Monday, January 11, 2016

Can You Hear Me Now?

Can you hear me now?

In March of last year, I took Hannah to see an ENT.  They tested her hearing.  She failed.  They wanted to place tubes that week.  We decided to hold off and wait to place the tubes in late April, when we did Hannah's lip repair to spare her the trauma of additional surgeries.  It was a whirlwind at the time.  We saw a doctor outside the University hospital where Hannah has received all of her care.  That doctor couldn't place the tubes for us at UK during her other surgeries, so in a flurry of activity, our cranio-facial surgeon lined up an ENT for us who would be willing to do it at UK.  We'd never met the person who did that portion of the surgery and we never saw them again after that day.  It was just something that needed to be done and the lesser of things that we were concerned about at the time.  So we did it.  We were told to follow up in six weeks at the ENT clinic at UK, which we did.

So we went in June and met with a pediatric doctor there.  On his last day at the University.  And it was clearly his last day.  He spent all of 30 seconds in the room with us.  Checked her ears, sad no worries about the fresh blood we'd seen drain just that week, and told us they wouldn't test her hearing again until it had been six months.  We tried to schedule the six month follow up and were told we couldn't schedule that far in advance and to call in October.  I was less than impressed.

Fast forward to November.  My concerns over Hannah's hearing were mounting.  She was still so loud.  So...very....loud.  And perhaps loud is just her personality, but I was starting to get a lot of loud, followed by, "WHAT?!" after a lot of what I would say to her.  Add this to the lack of progress in speech therapy and I realized that despite my lackluster experience with the ENT at UK to date, I needed to get her back in to see someone....either the doctor we'd seen in March outside the University or back at UK.  I mentioned my concerns to the speech therapist, who did a very basic test in her office and it confirmed my concerns.  She failed in the left ear and barely passed the right.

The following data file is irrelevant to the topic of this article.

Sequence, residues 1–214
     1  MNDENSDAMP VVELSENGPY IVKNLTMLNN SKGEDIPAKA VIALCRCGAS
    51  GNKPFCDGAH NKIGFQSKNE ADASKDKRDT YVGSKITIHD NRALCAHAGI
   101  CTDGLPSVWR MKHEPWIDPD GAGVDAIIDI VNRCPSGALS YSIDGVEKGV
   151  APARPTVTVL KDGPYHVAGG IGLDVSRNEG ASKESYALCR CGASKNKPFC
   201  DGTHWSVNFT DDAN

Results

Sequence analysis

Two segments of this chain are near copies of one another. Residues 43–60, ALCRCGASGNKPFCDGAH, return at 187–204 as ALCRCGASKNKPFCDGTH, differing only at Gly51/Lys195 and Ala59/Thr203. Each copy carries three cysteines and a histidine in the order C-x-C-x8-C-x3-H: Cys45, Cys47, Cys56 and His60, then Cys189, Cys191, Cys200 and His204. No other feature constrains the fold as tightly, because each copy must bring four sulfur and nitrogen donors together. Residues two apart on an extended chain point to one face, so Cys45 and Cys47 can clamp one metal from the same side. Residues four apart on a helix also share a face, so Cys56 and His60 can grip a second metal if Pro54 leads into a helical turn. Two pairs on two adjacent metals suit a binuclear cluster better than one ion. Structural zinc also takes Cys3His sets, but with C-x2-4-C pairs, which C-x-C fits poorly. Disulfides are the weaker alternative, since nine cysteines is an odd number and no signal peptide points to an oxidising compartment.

I opted to give UK one more try since they were the ones who'd placed the tubes in the first place and see if perhaps another doctor would give us a better experience.  I am thankful I decided to do this.  The new doctor was great with Hannah and seems on top of getting her hearing and hearing soon.  Hannah had her hearing tested again.  She failed, miserably, on the hearing test.  The ENT wanted to know all sorts of things that I was unable to answer.  No, China never tested her hearing, no, I am not certain that ear infections were caught or treated (ever or at all), no she'd never passed a hearing test while in my care.  What we discovered was that she has waxy ears.  No joke.  This is very common in Asian kiddos and we've seen that has poked around in her ears has remarked about the wax.  There's nothing we can do about it, but it does make exams difficult.  No, there is not enough wax in there to obstruct her ears or her hearing.  What we were able to somehow deduce is that one tube is apparently gone (already?!?!  how long do these things last??), and one is completely blocked guessed it, fluid!  Tons of fluid behind both ears.  No wonder she can't hear.